A new semester starts tomorrow, and I’m thinking of my grandmother, Marjorie Good. She was an artist, whether she held a paintbrush in her right hand or used her left hand to play boogie-woogie on the piano.
I’m thinking of her right now because she was also a teacher. She taught English for nineteen years at a public high school in the Western Suburbs of Chicago. She retired before I was born, but her stories resonated with a deep love for the material and for her students. Sometimes in the middle of a tale, she would stop and smile, remembering a particularly gifted young woman, or shake her head over the teenage boy she was never quite able to bring out of his shell.
She started the media studies program at her school, teaching film courses as electives and always bringing music and art into the classroom. She loved laughter and jokes, wrote her Master’s Thesis on humor in Shakespeare, calling it “Hamlet Plays the Clown,” and every year would dress up as Harpo Marx for Halloween.
She died on January 2, after four years of battling multiple myeloma with more grace and good cheer than most people can muster on their healthiest days.
Tomorrow I teach my first class as an instructor of record (as opposed to Teaching Assistant) at the University of Virginia. I created this class, slaved over the syllabus, and was really looking forward to calling her afterward to tell her how the first day went. Instead I’ll wear her necklace that my mom gave me the day before the funeral. It’s reminiscent of a Celtic wedding ring, and she wore it almost every day.
I believe great teachers live on in their students. I will do what I can to ensure that she lives on in me.
On the fifth day of Christmas, my husband and I took the A train the length of Manhattan up to one of my favorite spots in New York City — The Cloisters — home of the Metropolitan Museum of Art’s Medieval Art Collection. Even more than the art, I love the building, a medieval-style cloister built in the 1930s to house the collection, featuring beautiful courtyards and contemplative spaces, blending architectural styles, and in many cases, salvaged sections of buildings from several centuries once located all over Europe. Stain glass windows from Italy shine light on an altar from Spain in a room where the wall sconces display icons from Germany. Then you walk through an archway into an indoor courtyard supported by columns brought from the courtyards of ten other cloisters, now long gone.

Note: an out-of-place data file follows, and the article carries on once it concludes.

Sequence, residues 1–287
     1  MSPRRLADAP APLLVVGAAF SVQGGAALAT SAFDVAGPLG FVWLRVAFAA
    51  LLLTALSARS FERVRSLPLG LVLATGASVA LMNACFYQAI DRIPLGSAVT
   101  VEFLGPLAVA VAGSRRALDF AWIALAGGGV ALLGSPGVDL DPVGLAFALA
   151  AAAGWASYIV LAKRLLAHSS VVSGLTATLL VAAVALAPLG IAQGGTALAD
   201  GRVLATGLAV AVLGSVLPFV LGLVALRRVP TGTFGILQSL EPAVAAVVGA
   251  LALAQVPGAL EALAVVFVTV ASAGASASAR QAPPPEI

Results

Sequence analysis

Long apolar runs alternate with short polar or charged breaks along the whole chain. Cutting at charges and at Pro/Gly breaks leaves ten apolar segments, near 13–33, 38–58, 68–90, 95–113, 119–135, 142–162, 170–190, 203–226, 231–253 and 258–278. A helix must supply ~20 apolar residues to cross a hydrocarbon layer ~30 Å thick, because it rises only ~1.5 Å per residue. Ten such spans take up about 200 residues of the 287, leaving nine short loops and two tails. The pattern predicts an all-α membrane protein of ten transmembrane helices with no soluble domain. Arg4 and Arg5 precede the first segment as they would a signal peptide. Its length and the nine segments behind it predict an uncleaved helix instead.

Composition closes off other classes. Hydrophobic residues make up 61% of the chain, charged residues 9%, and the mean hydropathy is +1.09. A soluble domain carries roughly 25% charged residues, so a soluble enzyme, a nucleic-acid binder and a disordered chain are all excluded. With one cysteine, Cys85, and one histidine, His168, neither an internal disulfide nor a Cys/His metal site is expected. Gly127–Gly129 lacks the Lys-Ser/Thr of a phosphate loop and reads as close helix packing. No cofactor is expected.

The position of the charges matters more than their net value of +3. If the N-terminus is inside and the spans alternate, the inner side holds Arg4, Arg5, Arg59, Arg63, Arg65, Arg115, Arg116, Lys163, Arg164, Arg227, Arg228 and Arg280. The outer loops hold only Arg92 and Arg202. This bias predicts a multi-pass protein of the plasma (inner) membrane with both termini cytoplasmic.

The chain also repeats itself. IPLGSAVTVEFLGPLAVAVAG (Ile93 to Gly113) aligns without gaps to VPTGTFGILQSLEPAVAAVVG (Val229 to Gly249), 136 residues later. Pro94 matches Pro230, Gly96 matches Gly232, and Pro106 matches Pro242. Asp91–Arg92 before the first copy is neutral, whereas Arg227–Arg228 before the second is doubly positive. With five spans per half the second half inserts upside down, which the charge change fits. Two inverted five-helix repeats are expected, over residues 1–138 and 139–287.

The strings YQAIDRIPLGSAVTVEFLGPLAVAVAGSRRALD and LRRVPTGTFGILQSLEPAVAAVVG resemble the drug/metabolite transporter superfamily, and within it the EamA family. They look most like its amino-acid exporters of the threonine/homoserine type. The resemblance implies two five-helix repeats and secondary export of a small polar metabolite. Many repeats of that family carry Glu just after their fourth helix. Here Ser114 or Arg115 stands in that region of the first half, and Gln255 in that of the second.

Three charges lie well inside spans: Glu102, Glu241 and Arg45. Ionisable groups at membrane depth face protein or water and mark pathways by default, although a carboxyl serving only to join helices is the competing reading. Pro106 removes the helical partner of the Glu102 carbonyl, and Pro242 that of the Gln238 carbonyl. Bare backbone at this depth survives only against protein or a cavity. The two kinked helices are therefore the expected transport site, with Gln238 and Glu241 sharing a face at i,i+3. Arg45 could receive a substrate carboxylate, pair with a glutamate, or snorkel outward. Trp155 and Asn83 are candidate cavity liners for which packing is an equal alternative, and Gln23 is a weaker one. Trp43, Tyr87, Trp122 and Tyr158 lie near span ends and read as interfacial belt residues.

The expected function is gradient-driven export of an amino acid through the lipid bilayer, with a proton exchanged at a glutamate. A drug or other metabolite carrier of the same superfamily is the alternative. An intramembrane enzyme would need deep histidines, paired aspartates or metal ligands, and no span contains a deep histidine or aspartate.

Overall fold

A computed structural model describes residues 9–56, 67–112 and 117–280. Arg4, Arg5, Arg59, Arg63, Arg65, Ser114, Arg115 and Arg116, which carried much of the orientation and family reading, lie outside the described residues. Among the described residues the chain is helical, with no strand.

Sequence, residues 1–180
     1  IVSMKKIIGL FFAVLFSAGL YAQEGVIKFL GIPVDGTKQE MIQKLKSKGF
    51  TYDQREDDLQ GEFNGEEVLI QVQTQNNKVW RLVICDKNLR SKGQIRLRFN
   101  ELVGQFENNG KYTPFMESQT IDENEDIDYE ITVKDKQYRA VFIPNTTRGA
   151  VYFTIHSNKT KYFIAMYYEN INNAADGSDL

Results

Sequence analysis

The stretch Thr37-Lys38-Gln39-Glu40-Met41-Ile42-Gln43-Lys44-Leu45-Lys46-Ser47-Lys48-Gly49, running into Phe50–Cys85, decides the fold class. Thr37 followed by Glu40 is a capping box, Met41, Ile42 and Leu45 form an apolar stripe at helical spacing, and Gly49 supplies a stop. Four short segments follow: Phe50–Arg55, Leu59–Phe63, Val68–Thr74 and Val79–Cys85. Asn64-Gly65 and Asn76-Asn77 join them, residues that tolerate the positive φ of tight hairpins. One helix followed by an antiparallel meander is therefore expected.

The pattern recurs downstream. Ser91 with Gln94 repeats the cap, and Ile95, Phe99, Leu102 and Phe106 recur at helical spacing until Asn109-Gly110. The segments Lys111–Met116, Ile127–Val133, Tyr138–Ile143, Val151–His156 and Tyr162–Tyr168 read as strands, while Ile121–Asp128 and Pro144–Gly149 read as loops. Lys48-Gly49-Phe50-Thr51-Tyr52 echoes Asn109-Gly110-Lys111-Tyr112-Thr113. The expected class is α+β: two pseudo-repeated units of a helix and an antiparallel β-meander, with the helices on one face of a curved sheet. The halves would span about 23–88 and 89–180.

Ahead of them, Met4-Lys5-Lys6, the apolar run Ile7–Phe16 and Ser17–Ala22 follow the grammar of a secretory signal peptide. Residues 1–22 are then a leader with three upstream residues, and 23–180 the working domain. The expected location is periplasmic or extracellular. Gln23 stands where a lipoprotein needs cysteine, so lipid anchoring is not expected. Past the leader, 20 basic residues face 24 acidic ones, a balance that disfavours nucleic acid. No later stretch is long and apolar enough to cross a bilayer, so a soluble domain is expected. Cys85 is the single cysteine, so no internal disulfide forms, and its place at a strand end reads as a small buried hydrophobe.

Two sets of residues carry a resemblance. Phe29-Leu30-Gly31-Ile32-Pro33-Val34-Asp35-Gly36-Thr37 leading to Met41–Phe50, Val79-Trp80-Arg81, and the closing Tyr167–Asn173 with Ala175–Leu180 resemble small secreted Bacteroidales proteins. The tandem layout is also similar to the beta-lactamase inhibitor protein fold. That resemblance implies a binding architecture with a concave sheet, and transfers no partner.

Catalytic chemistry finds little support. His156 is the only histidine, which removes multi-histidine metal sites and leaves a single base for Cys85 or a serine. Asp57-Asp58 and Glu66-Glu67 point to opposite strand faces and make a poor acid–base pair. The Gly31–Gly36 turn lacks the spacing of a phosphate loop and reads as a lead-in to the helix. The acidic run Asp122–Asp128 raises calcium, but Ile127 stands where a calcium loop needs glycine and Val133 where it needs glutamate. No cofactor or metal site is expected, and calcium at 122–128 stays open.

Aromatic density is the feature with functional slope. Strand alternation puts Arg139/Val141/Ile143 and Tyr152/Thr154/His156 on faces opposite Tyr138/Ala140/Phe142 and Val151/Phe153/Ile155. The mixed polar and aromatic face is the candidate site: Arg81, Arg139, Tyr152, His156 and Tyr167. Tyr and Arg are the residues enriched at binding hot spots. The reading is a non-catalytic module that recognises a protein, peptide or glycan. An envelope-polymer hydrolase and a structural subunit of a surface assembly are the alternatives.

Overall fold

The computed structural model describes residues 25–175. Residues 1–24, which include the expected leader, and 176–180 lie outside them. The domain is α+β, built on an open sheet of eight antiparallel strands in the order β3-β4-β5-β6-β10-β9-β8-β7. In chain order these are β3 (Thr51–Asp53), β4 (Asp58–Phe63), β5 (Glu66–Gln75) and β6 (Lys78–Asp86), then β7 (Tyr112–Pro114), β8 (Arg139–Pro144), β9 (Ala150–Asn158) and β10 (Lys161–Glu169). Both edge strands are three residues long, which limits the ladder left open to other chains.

Although I was on vacation, I couldn’t help but see the Cloisters as a metaphor for digital humanities. We are digital architects, creating new spaces to display the glorious works of the past and structuring the fragments to see new patterns in disparate sources. If we do our jobs right, the digital edifices should enhance not detract from the sources we seek to analyze and share. The framework of each project is tailored to the subject matter often with special nooks for contemplation and introspection.
When a person dies, it’s as if a library of irreplaceable volumes has burned to the ground.
My grandfather died this past Saturday. He was an extraordinary man who escaped Nazi Germany and survived the blitz in in London. He worked on antidotes to nerve gas, helped build the first production sites for antibiotics in Southeast Asia, was a representative to the World Health Organization and the World Trade Organization, and lived a life of integrity that few can match. He also crafted extraordinary meals, including a roast goose that would bring tears to your eyes.
He didn’t talk about his experiences or accomplishments much, and though I knew him all my life, most of the stories I have about him I heard from my father, uncle, or grandmother. He was an eloquent speaker, but believed that deeds spoke louder than words, so he preferred to let his actions speak for themselves.
For years I talked about asking my grandfather if I could interview him about his life. Right now I wish more than anything that I had that tape, but it never got made. As a historian, I understand that not everything can be documented, that all sources are inherently partial, and that records in any form can be lost, but I still wish I’d screwed up my courage and asked for the interview. As his granddaughter, I am so grateful for the insights, lessons, and memories he gave me, and I know that they are more than enough.
Rest in peace. Your stories will be told.
Welcome to the Maiden Voyage of Packets: Musings on Information Exchange, Historical, Digital, and Otherwise. Here you will find posts on a range of issues, including: history, database design, digital history/digital humanities, and web/graphical design. I will do my best to post regularly (read: twice a month), but I am currently writing my dissertation, so if there is a long gap . . . that’s the reason. I’ve been planning this blog for months, so come on board and we’ll get underway.